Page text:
For many people, dry skin is no more than an inconvenience, but for dogs it can be a total nightmare. Unlike humans, they can’t just slather on some moisturizer and make sure they’re staying well-hydrated to make the issue go away. Not only can dry dog skin lead to extra itchiness, it can in some cases become painful. Keep reading for what you need to know about recognizing, diagnosing, treating, and preventing dry dog skin.

The Symptoms of Dry Dog Skin

There are few things dogs love more than a good scratching session, but if you notice your dog scratching more than usual, they may have a dry skin problem. Excessive scratching is just one indicator of many that could be caused by dry skin in dogs, including:

• Change in odor
• Coarser-than-usual fur
• Dandruff
• Flaking
• Hair loss
• Increased oiliness
• Inflammation
• Itchiness
• Pimples
• Scabs
• Scaly skin
• Sores

Your dog may be presenting some or all of these symptoms, and which ones they display depend on on what’s causing the issue.

Potential Causes of Dry Dog Skin

Allergies and Food Sensitivities

Allergies to everything from certain food ingredients to environmental allergens can cause dry skin in dogs, in which case your main options for treatment are removing the allergen from your home, controlling the symptoms, allergy shots or oral medicine, or a combination of all three.

To start, look for any changes you have made in your dog’s routine or in your household. A new household cleaner, or laundry soap or even a new dog shampoo may contain an ingredient in it they’re sensitive to.

There could also be an issue with what you’re feeding your dog. Common food sensitivities include beef, dairy, and wheat, so if your dog is sensitive  to one of these and your current food lists any of these as ingredients, try switching them out for one without. A personalized nutrition plan like Puppo’s can also help you weed out the ingredient your dog may be sensitive to and make sure it’s not included in their new food formula.

Environmental Issues

Very cold weather, dry air, or too much exposure to air conditioning can also cause dry skin. (Dogs — they’re just like us!) You take care of your skin differently when it’s cold and dry out, and you should be doing the same for your dog. If you notice dryness and flaking on your dog’s skin, a soothing oatmeal bath will help. Use of shampoo and soaps should be limited during winter months; just stick to a soak in some warm water.

Humidifiers and fans can also help with air circulation to keep your pup’s skin from drying out. And bonus — it’ll help your skin too!

Breed

Your dog’s breed could very well be a factor in their dry skin. Hairless breeds are prone to various skin conditions, as are Huskies and Malamutes, breeds that can develop zinc-responsive dermatosis. Zinc is necessary in the healing of wounds and cell regeneration needed for healthy skin, so a deficiency can lead to major skin issues in dogs.

Infections

Your doggo may have developed a bacterial or fungal infection that your vet can diagnose by taking a skin scrape for analysis. Bacterial infections can be caused by a variety of things, like a wound that hasn’t healed properly or poor grooming — they can even be hereditary. Fungal infections can also have numerous causes, including eating foods with sugar or immune system suppression of some sort.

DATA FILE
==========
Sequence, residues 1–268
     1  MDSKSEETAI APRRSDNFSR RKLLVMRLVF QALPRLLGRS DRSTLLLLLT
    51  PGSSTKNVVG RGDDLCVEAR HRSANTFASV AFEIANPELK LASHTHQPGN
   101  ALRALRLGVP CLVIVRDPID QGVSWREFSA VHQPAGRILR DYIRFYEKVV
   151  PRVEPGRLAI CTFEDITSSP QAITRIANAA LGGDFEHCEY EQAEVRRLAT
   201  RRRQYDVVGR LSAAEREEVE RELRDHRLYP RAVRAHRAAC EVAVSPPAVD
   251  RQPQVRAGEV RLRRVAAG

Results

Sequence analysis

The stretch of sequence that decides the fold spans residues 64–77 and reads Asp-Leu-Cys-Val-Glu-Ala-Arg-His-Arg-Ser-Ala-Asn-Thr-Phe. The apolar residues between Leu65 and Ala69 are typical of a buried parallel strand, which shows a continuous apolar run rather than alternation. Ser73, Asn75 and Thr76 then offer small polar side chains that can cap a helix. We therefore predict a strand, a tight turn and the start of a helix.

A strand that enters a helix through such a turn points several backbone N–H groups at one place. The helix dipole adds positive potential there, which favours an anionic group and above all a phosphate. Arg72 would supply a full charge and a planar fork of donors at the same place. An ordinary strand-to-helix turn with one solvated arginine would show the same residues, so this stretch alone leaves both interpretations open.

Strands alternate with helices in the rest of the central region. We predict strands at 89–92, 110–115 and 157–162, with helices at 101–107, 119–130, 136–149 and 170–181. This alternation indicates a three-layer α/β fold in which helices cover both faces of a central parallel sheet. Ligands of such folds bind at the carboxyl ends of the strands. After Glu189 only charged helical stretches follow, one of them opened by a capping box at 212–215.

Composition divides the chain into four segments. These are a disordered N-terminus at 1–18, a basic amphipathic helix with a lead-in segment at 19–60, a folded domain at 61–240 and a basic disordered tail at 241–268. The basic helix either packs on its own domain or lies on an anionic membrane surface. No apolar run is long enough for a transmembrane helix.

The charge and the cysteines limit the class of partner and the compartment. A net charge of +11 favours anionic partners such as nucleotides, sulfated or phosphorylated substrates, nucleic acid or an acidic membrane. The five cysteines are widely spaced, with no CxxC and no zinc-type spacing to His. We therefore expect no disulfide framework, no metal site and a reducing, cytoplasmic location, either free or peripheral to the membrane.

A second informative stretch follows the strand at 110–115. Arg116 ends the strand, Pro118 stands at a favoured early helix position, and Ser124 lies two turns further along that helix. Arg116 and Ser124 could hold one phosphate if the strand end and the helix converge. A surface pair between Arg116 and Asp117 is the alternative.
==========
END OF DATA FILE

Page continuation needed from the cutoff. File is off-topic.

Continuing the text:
Parasites

Some dogs have bad reactions to the saliva of parasites like lice, fleas, and mites, and the bites could lead to dandruff and scaly skin. In the case of mange, a skin disease caused by mite bites, the itching will most likely be accompanied by hair loss, scabs, and sores.

Improper Grooming

Dry skin can also occur if you’re not brushing your dog enough (or brushing them too much). Regardless of coat length, stick to brushing them at least every couple of days to help remove dead hair and skin, and make sure to use an appropriate brush for that coat.

Medical Conditions

Thyroid diseases like hypo- and hyperthyroidism can lead to dry skin in dogs because they prevent the thyroid gland from producing a hormone called thyroxine, which controls metabolism and reduces the production of hormones essential to healthy skin.

How to Treat Dry Dog Skin

Dry skin is a huge drag for dogs, so it’s best to get to the root of the issue quickly. Because it can be difficult to pinpoint the cause of your pup’s dry skin yourself, schedule a visit with your vet before deciding on a course of treatment. Your vet can help you determine exactly what’s causing the problem and recommend solutions for the ones above. You may also be referred to a veterinary dermatologist who specializes in canine skin issues.

Preventing Dry Dog Skin

Dry dog skin isn’t entirely preventable, but your first line of defense is the right diet. One of the most important factors in keeping your pooch’s skin and coat healthy the food they’re eating. Your dog’s food should include the proper combination of an array of vitamins and minerals, specifically the following for good skin and fur health:

• Vitamin A: Needed for skin growth and repair

• Vitamin E: Protects skin cells from harmful oxidants

• Biotin: Aids in protein utilization

• Riboflavin (B2) and Zinc: Needed for fat and protein metabolism

• Copper: Used in tissue pigment and antioxidant protection

Make sure your pup’s formula includes all of the above vitamins and minerals to keep your their skin in good condition and stay healthy and itch-free.